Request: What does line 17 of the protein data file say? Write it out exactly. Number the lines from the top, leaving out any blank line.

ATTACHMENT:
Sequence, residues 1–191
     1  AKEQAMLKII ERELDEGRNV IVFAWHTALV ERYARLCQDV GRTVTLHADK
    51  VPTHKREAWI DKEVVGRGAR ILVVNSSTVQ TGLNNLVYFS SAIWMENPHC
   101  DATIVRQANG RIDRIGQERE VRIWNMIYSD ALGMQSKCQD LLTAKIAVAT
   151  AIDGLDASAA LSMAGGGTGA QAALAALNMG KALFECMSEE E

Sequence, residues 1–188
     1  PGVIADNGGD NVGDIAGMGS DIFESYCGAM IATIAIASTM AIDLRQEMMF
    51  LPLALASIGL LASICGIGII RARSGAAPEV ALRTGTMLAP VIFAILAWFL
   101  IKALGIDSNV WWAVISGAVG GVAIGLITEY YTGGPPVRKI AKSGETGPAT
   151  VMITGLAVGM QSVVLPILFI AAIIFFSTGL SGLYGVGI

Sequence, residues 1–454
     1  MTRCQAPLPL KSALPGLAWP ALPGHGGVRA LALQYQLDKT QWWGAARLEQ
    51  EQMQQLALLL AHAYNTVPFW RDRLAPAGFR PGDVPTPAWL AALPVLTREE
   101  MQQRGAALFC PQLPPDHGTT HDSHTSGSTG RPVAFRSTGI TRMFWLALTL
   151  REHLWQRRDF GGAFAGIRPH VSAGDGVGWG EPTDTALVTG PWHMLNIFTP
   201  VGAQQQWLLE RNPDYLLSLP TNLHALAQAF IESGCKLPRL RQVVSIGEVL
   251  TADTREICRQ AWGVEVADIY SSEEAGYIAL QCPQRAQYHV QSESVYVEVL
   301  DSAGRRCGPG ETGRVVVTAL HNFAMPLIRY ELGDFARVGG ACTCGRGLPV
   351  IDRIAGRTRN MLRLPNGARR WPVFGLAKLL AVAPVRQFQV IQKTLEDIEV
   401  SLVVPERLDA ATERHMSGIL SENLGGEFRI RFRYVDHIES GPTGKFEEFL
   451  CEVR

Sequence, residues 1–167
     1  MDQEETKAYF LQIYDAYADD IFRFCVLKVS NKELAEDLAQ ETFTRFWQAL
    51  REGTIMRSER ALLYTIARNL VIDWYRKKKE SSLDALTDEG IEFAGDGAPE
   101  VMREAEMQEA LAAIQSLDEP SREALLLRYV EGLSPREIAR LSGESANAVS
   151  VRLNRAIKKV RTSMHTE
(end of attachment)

   251  TADTREICRQ AWGVEVADIY SSEEAGYIAL QCPQRAQYHV QSESVYVEVL